Where the Country Road Leads
I grew up in a rural community, wondering what lay beyond the two lane country road that led out of my hometown.
It was virtually unheard of to venture far beyond the town, much less travel abroad. My misguided concept of world geography included four countries. There were America and the United States, somehow related in a way that I didn’t grasp. There were also France and Europe. In my world, all other places fell within the borders of those four so-called “countries.” Of course I never dared dream of actually visiting any of those exotic places, but life has a way of taking interesting and unexpected turns.
When I was 17, the local Rotary Club overlooked my geography impairment and selected me for their international exchange program. It was a once in a lifetime opportunity to study in Bolivia, and an indelible experience that would shape the rest of my life.
It was an eye-opening year, when I was introduced to the Quechua and Aymara ethnic groups; learned to speak Spanish and dance the queca; and acquired a taste for chuño, llajua picante and salteñas.
I also discovered that the two-lane country road didn’t stop at the next town as I’d thought, but continued on to unimaginable places.
But most of all, I discovered my own joy of discovery.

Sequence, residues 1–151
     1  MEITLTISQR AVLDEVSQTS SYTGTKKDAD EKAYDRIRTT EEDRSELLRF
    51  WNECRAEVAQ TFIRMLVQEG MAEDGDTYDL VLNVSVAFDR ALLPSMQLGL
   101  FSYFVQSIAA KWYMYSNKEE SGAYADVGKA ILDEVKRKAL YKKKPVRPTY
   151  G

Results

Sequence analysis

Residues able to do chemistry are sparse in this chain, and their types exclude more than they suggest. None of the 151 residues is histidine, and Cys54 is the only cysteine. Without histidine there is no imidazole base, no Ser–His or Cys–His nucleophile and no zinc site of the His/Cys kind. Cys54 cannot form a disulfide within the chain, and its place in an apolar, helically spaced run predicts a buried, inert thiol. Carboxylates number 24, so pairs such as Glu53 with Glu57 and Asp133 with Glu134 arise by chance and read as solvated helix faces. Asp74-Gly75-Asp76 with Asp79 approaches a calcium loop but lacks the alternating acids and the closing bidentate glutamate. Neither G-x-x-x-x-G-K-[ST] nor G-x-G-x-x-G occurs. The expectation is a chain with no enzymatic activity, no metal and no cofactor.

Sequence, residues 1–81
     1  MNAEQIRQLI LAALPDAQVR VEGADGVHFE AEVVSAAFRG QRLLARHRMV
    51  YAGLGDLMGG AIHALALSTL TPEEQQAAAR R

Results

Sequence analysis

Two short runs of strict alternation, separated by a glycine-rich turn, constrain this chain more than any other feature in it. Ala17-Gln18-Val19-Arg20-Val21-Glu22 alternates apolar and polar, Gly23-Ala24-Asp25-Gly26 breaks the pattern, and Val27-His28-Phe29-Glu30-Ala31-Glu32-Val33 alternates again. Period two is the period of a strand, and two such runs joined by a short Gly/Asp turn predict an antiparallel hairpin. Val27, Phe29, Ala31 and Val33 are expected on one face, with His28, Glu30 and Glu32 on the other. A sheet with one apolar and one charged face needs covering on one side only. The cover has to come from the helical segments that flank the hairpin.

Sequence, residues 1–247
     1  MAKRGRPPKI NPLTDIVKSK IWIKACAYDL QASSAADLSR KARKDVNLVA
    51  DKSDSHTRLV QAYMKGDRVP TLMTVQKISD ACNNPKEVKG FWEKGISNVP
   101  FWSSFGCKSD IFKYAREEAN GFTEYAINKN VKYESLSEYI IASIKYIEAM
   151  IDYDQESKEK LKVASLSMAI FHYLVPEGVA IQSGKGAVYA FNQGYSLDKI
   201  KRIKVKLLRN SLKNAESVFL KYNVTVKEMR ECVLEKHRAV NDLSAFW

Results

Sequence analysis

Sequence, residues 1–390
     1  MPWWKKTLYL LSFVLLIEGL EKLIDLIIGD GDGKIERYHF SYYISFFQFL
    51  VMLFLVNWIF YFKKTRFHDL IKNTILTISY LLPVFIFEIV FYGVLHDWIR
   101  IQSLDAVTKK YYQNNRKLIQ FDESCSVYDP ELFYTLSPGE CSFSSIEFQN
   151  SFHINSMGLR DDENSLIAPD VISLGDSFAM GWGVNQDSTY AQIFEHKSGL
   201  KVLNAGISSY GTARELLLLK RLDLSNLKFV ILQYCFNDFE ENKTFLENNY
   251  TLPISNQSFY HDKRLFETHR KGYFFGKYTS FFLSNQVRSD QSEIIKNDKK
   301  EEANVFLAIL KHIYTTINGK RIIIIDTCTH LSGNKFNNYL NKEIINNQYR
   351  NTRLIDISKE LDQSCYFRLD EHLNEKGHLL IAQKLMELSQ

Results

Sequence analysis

That year abroad was the first stop on an extraordinary journey to the remotest corners and furthest reaches of the world, where I've had the privilege of working as a photojournalist and tour guide.
Although I appreciate all aspects of a culture, I find the greatest reward in meeting people and learning about their traditions. I'm often reminded of what the artist Joyce Birkenstock says of the people that she meets in her travels. “I become a part of them and they become a part of me. We are always connected, although we may never meet again.”
When I travel, foremost in my mind is finding a common denominator with a new acquaintance – something that unites us as human beings that’s more important than what separates us as members of different cultures.
At first glance, people from diverse ethnicities are captivating for their exotic appearance and unique ways of life. But take a closer look, and you'll discover remarkable similarities. What traditional societies all have in common is a determination to maintain their cultural identity. They still live the way they have for generations, preserving the past and nurturing the future, in a perpetual memorial to their ancestors. It is this paradox -- the stunning differences and the common humanity of the world’s cultures -- that is my constant source of wonderment and inspiration to keep traveling.
So where did the country road lead? First to Bolivia, then to unimaginable places throughout Africa, Asia, Latin America and Europe. That amazing year abroad defined the course of my life. It gave me the opportunity and instilled in me the curiosity and courage to venture beyond my rural hometown. Traveling down that country road has, quite literally, meant the world to me.